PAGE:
But I am the head of English, and I do actually care that our teaching is Good. Yes that’s Good with a capital G. Ofsted Good, as it were. The ‘sted are due any minute now, and the school is going for Good status. I think we should get it, and actually seeing everyone in the school working towards Good status has (dare I say it) ‘raised standards’.
But for the English and Maths departments the pressure is oh so much higher; the big drive now is 5 A-Cs including English and Maths; because these are considered Good GCSEs, so we have to make sure ALL our pupils have the best teaching possible. And, there’s that word again. Good. It’s really quite an arbitrary way to measure something, if you think about it; I mean Kit Kats are Good, beating Arsenal is Good; a lie in is Good. But, can teaching standards and subjects merely be called ‘Good’? And how on earth can you really measure it? I know Ofsted have a criteria, but does it really mean something is actually Good, or is it just their way of judging everyone?
I am very proud of the amount of useless facts that I know. Put me in front of an episode of QI or a pub quiz and I’m in heaven. So, last week when a student asked me about the longest English word in class I rattled off a long answer about how there are some chemical names that are more than 1000 letters long but the longest word in the OED is ‘Floccinaucinihilipilification’.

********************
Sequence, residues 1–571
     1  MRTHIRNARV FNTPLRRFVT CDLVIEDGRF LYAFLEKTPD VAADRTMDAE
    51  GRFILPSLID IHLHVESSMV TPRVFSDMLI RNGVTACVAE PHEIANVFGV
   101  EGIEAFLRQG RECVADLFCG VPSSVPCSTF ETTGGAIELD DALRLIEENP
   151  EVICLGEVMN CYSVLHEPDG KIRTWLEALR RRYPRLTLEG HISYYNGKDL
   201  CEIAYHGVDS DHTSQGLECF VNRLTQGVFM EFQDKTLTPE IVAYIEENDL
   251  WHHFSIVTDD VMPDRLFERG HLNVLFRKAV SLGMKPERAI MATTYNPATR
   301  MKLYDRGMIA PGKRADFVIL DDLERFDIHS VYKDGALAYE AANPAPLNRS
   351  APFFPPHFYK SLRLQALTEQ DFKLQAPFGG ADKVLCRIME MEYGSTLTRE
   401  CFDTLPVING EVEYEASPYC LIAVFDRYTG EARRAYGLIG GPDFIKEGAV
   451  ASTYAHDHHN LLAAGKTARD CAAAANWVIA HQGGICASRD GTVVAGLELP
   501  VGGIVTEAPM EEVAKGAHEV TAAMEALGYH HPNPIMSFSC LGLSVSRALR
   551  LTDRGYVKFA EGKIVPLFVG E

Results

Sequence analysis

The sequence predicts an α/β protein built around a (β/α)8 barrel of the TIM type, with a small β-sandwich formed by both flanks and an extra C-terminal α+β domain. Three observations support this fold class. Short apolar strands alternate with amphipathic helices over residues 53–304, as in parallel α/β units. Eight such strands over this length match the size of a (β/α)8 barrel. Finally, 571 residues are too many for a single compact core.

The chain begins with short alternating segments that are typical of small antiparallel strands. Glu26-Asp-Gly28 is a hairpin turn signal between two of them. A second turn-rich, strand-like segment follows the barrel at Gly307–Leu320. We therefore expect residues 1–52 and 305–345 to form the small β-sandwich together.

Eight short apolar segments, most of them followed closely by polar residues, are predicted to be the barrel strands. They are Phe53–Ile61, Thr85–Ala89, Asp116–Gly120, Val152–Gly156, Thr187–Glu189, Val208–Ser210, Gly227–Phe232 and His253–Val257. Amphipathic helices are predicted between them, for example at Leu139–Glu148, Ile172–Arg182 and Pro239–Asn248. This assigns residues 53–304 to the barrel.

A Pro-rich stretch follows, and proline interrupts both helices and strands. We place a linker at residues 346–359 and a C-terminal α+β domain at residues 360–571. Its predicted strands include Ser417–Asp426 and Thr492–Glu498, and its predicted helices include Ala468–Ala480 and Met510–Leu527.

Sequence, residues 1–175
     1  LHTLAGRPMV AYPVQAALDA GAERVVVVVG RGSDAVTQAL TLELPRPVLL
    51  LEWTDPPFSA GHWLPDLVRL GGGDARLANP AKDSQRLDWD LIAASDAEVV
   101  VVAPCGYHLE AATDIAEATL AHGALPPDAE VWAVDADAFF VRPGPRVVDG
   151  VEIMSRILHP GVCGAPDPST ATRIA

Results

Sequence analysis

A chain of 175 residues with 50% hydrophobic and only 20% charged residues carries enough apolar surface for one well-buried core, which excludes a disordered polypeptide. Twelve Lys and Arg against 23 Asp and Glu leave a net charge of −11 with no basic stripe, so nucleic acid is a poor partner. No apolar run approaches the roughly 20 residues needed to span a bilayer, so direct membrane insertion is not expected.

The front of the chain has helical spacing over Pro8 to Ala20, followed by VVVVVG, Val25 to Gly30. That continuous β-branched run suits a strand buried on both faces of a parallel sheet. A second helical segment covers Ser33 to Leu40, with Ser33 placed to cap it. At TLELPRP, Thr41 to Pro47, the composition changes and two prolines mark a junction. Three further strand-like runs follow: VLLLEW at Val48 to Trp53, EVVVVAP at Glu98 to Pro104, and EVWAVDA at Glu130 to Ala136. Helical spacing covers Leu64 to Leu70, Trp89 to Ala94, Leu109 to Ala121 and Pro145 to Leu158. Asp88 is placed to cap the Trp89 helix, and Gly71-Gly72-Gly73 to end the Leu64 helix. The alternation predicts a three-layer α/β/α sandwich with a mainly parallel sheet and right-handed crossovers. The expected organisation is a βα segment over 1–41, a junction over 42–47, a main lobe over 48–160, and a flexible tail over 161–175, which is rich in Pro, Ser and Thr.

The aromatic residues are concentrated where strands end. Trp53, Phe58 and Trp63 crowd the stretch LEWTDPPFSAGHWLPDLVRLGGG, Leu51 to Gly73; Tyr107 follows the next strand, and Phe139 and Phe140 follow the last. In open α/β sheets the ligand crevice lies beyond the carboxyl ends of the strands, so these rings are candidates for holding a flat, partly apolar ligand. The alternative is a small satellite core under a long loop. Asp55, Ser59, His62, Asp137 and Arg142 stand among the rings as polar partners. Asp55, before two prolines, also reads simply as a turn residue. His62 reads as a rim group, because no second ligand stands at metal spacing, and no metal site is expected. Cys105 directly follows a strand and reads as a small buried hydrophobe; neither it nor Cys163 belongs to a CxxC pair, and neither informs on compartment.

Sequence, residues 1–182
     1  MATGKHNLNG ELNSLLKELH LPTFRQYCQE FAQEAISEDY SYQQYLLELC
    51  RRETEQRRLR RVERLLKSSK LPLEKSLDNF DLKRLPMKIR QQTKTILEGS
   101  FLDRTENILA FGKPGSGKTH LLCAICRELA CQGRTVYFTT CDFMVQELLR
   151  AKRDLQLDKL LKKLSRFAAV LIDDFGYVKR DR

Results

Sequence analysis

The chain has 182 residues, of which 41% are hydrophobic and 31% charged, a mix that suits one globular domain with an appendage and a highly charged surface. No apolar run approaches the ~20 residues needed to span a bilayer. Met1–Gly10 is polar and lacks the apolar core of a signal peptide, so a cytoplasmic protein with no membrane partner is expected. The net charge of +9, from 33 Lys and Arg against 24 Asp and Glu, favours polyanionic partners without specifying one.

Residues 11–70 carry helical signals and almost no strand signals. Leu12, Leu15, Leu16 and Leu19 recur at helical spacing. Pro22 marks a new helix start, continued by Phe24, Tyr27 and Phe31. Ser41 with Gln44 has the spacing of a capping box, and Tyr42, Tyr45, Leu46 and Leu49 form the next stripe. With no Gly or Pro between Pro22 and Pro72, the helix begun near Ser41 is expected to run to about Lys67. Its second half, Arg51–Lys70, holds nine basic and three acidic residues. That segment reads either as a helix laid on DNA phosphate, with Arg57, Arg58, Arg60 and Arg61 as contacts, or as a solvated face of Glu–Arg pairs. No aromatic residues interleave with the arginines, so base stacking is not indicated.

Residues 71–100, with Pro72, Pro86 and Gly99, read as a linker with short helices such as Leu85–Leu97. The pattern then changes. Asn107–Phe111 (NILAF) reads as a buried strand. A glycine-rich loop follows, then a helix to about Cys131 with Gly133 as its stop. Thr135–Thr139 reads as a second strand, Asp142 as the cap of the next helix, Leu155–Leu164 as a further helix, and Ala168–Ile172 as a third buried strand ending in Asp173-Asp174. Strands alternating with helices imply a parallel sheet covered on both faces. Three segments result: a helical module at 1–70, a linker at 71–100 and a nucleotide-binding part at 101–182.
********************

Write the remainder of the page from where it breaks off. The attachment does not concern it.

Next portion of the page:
Well, it’s not – it’s actually ‘Pneumonoultramicroscopicsilicovolcanoconiosis’. The student directed me to this article via. the Macmillan Dictionary Blog as proof. I felt a bit silly about being wrong (even though I’m not an English teacher) but was happy to find out the correct answer to amaze my friends with at the next pub quiz I visit.
Knowing my luck, by the time I am asked this question again, someone will have already invented an even longer word!
Today’s image is by Dora Pete.
I am concerned about sex education. From a distance, because obviously I’m not involved in delivering it. Well, I wasn’t until some bright spark thought up SEAL. (Seriously, who names an important bit of legislative agenda after a fat, blubbery sea animal that claps its fins together and makes comedy honking noises? Really, who? I’d like to know.)
No longer is Social, Emotional and Behavioural Learning – or just ‘good manners, decency and respect’ to you and me – to be taught in tutor time, but now it shall be ‘delivered in every lesson’. At RedTape High we actually have a SEAL agenda for our lessons – for every single lesson.